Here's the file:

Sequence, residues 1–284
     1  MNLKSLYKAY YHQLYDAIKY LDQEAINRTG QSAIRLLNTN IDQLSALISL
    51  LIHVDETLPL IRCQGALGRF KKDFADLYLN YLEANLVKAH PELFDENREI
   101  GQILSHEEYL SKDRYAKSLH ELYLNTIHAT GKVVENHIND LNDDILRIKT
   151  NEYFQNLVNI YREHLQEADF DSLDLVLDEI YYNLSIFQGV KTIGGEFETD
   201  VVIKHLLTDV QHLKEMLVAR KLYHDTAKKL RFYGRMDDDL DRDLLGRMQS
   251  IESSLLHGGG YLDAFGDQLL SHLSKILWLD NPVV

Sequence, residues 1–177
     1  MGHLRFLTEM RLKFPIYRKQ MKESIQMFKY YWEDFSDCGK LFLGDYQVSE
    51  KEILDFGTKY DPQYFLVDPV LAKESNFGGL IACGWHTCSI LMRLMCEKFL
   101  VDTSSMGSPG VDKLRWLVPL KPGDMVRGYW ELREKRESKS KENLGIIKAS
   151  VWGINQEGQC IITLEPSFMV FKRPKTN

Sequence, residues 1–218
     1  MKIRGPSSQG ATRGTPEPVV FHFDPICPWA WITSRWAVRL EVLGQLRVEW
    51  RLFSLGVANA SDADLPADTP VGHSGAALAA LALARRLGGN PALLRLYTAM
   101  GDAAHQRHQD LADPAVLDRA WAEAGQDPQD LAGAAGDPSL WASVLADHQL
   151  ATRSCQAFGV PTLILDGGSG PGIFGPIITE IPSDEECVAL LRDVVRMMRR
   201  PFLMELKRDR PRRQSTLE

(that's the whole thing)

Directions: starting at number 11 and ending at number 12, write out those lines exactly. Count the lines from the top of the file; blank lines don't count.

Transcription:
   101  VDTSSMGSPG VDKLRWLVPL KPGDMVRGYW ELREKRESKS KENLGIIKAS
   151  VWGINQEGQC IITLEPSFMV FKRPKTN